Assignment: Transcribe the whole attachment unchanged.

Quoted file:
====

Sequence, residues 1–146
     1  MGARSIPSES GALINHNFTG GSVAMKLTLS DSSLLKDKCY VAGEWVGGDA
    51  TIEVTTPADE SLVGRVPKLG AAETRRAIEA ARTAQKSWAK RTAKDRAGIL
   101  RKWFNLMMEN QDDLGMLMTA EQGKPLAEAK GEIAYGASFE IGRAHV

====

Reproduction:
Sequence, residues 1–146
     1  MGARSIPSES GALINHNFTG GSVAMKLTLS DSSLLKDKCY VAGEWVGGDA
    51  TIEVTTPADE SLVGRVPKLG AAETRRAIEA ARTAQKSWAK RTAKDRAGIL
   101  RKWFNLMMEN QDDLGMLMTA EQGKPLAEAK GEIAYGASFE IGRAHV